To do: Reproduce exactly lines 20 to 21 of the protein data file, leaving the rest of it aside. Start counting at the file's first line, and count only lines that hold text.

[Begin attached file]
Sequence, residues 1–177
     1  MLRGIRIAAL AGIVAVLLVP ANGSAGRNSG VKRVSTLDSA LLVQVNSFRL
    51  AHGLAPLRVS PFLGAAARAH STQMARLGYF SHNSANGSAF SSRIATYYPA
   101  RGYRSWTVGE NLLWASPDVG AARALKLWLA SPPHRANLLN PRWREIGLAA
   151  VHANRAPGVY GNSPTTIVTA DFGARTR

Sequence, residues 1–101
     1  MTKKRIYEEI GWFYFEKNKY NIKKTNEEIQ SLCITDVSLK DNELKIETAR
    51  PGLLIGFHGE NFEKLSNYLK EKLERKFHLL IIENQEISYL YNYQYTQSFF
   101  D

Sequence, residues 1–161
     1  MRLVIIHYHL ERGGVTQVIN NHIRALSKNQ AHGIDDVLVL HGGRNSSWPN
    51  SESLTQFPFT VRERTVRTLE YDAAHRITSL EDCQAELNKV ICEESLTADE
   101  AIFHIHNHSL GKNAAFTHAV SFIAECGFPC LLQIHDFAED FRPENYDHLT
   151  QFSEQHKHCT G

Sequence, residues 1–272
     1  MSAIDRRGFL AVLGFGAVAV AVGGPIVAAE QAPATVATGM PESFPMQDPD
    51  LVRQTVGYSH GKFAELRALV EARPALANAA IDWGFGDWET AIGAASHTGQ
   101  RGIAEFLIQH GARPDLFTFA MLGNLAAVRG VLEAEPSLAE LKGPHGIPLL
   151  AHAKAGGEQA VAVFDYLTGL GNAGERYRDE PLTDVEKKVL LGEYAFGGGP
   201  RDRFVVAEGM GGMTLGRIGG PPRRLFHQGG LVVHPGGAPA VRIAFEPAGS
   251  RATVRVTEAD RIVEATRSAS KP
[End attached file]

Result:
   201  RDRFVVAEGM GGMTLGRIGG PPRRLFHQGG LVVHPGGAPA VRIAFEPAGS
   251  RATVRVTEAD RIVEATRSAS KP